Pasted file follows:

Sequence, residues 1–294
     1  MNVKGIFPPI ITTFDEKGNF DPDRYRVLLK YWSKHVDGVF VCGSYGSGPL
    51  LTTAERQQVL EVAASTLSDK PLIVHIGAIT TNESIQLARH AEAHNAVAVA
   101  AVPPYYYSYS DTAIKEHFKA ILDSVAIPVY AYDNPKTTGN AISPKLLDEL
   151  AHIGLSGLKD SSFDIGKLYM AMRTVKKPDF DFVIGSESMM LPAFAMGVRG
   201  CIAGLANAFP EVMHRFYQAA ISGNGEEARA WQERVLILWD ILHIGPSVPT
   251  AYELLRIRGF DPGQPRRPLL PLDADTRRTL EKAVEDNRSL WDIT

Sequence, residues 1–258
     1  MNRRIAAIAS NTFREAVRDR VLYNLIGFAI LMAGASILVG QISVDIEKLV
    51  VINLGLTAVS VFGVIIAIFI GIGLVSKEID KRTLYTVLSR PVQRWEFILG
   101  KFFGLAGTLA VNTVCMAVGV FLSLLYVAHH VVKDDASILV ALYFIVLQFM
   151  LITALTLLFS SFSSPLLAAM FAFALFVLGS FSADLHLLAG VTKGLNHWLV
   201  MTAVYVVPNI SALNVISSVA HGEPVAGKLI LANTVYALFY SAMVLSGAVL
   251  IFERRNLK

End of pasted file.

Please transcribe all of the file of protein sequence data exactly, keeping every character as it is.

Sequence, residues 1–294
     1  MNVKGIFPPI ITTFDEKGNF DPDRYRVLLK YWSKHVDGVF VCGSYGSGPL
    51  LTTAERQQVL EVAASTLSDK PLIVHIGAIT TNESIQLARH AEAHNAVAVA
   101  AVPPYYYSYS DTAIKEHFKA ILDSVAIPVY AYDNPKTTGN AISPKLLDEL
   151  AHIGLSGLKD SSFDIGKLYM AMRTVKKPDF DFVIGSESMM LPAFAMGVRG
   201  CIAGLANAFP EVMHRFYQAA ISGNGEEARA WQERVLILWD ILHIGPSVPT
   251  AYELLRIRGF DPGQPRRPLL PLDADTRRTL EKAVEDNRSL WDIT

Sequence, residues 1–258
     1  MNRRIAAIAS NTFREAVRDR VLYNLIGFAI LMAGASILVG QISVDIEKLV
    51  VINLGLTAVS VFGVIIAIFI GIGLVSKEID KRTLYTVLSR PVQRWEFILG
   101  KFFGLAGTLA VNTVCMAVGV FLSLLYVAHH VVKDDASILV ALYFIVLQFM
   151  LITALTLLFS SFSSPLLAAM FAFALFVLGS FSADLHLLAG VTKGLNHWLV
   201  MTAVYVVPNI SALNVISSVA HGEPVAGKLI LANTVYALFY SAMVLSGAVL
   251  IFERRNLK